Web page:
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General Information info

Manuscript title Global analysis of protein expression in yeast.
PubMed ID 14562106
Journal Nature
Year 2003
Authors Sina Ghaemmaghami, Won-Ki Huh, Kiowa Bower, Russell W. Howson, Archana Belle, Noah Dephoure, Erin K. O'Shea & Jonathan S. Weissman
Affiliations Howard Hughes Medical Institute, University of California–San Francisco, San Francisco, California 94143-2240, USA
Keywords yeast, protein expression, S. cerevisiae
Full text article Downloadarticle Ghaemmaghami_2003.pdf
Project name not specified

Experiment Description info

Organism Saccharomyces cerevisiae
Strain TAP-tagged strain
Data type enzyme/protein concentrations
Data units molecules/cell
Execution date not specified

Experimental Details info

Temperature (0C) 30
pH not specified
Carbon source glucose,
Culture mode chemostat
Process condition aerobic
Dilution rate (h-1)
Working volume (L) 0.0017
Biomass concentration (g/L) OD of ~0.7
Medium composition

YEPD media.

General protocol information Measurement method: LC-MS/MS

Methods description - Notes

Extract preparation and quantification of protein levels: Cultures (1.7 ml) of tagged strains were grown in 96-well format to log phase, and total cell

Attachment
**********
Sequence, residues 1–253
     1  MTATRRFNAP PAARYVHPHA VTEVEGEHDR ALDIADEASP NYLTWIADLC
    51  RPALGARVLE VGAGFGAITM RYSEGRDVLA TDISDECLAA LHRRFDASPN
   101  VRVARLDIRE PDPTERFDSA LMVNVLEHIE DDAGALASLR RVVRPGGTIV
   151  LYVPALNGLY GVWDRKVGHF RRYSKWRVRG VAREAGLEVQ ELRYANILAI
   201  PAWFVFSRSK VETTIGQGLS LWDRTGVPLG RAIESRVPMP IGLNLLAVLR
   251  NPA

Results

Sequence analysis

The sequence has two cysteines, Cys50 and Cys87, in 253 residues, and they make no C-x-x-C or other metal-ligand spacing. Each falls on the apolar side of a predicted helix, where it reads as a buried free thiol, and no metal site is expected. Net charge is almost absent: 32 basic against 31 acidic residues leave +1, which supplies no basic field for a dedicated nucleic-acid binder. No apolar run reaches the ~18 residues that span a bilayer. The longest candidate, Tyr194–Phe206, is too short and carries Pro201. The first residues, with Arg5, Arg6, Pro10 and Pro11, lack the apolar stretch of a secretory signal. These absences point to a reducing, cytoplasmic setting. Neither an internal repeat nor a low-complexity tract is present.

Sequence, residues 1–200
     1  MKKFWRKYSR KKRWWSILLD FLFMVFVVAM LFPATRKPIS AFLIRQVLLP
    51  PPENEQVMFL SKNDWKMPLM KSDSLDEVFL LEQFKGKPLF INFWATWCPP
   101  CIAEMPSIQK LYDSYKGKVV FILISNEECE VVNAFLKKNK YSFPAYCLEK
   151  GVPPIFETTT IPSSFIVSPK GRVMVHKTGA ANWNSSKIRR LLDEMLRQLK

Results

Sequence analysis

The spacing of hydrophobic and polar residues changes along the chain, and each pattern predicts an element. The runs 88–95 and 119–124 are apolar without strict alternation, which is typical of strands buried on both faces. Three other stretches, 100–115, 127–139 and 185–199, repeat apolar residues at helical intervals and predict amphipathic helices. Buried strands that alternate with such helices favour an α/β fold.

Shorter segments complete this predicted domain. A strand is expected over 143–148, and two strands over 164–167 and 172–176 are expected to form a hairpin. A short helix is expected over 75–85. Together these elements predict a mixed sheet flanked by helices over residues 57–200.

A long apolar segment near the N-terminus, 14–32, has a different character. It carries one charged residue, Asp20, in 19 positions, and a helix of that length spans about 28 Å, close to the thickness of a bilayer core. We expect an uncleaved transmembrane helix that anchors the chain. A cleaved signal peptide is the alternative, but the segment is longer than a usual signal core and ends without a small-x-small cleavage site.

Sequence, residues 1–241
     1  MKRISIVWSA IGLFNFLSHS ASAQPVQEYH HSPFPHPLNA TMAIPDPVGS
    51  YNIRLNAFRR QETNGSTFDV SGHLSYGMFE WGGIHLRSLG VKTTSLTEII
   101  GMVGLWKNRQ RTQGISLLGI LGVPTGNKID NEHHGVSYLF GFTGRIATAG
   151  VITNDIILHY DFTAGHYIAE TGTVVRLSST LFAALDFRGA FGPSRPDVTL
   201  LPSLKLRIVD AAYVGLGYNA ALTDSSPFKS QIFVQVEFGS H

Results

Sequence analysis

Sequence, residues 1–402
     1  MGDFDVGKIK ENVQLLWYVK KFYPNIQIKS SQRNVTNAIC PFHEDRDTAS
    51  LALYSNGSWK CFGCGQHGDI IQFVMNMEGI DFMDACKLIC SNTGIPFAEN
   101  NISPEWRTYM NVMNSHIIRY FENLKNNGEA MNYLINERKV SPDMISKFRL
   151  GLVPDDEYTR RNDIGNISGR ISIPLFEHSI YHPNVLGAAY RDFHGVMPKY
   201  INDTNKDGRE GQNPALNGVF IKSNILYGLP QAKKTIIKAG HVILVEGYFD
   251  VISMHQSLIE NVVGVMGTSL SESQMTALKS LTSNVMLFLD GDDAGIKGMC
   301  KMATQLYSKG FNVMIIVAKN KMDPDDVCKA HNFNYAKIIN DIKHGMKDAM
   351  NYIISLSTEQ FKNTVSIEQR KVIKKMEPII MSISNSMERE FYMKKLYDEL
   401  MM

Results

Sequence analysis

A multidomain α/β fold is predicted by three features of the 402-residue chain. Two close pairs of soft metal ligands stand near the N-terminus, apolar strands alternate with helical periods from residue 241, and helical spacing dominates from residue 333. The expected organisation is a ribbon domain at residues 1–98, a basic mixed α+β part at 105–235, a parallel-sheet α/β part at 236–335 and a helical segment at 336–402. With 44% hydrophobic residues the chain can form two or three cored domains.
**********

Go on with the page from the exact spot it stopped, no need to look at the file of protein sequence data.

extracts were examined by SDS–polyacrylamide gel electrophoresis (PAGE)/western blot analysis. Before the quantitative SDS–PAGE/western blot analysis, strains were ordered on the basis of estimates of TAP abundance from a preliminary dot-blot analysis. In order to provide a standard for the conversion of western signals to absolute protein levels, a TAP-tagged protein (Escherichia coli initiation factor A, INFA) was overexpressed in E. coli and purified to homogeneity. Yeast extracts containing serial dilutions of INFA ranging from 500 attomoles (which was the limit of detection, see Supplementary Fig. S1) to 25 picomoles were run on a gel along with extracts from 25 different yeast TAP-tagged strains representing the full range of observed protein signals (a second TAP-tagged protein (initiation factor B) was also analysed to ensure that the observed TAP signal was not influenced by the fusion protein). Comparison of the signals generated by these 25 proteins to the known standards allowed the creation of a conversion factor between the observed western blot signals and absolute protein levels. Based on the number of cells (1x10^7) used for the SDS–PAGE/western blot analysis, the protein levels were then converted to measurements of protein molecules per cell. Cultures were grown to OD of ~0.7 at 30 oC and pelleted cells were lysed by the addition of 50 µL of a boiling SDS solution (50mM Tris-HCl , pH 7.5, 5% SDS, 5% glycerol, 50mM DTT, 5mM EDTA, Bromophenol Blue, 2µg/mL Leupeptin, 2µg/mL Pepstatin A, 1µg/mL Chymostatin, 0.15 mg/mL Benzamidine, 0.1 mg/mL Pefabloc, 8.8 µg/mL Aprotanin, 3µg/mL Anitpain). Lysed cells were centrifuged and the supernatant extract was stored at –80 oC. 13 µL aliquots of the SDS-lysed extracts were loaded on 26 well, 4-15% gradient acrylamide Tris-HCl Criterion precast gels (Bio Rad). The gels were run at 200 Volts for 70 minutes and transferred using Trans-blot SD semi-dry transfer cell (BioRad) onto PVDF membranes at a constant current of 160 mA per gel for 120 minutes. Before transfer, the activated PVDF membranes and the gels were soaked in 39mM Glycine, 48mM Tris-HCl, 0.375% SDS with and without 20% methanol respectively in order to facilitate transfer while preventing bleed through. Analysis of a number of randomly chosen blots indicated that the large majority of the protein samples were transferred onto the PVDF membrane. The blots were probed using an affinity purified rabbit polyclonal antibody raised against the calmodulin binding peptide. This antibody can detect the TAP tag with great sensitivity as it can bind CBP as well as the Protein A segment of the tag through interaction with its Fc region. The blots were subsequently probed with a horse radish peroxidase (HRP) conjugated Goat secondary antibody (Jackson ImmunoResearch) against rabbit IgG and reacted with SuperSignal West Femto Maximum Sensitivity Substrate ECL (BioRad) and the chemiluminescence of the bands corresponding to the tagged proteins were detected and quantified using a CCD camera (Alpha Innotech). Transfer efficiency was monitored by Ponceau S staining all membranes and including “Magic Mark” (invitrogen) molecular weight standards, which contain IgG binding domains allowing visualization by Western blotting.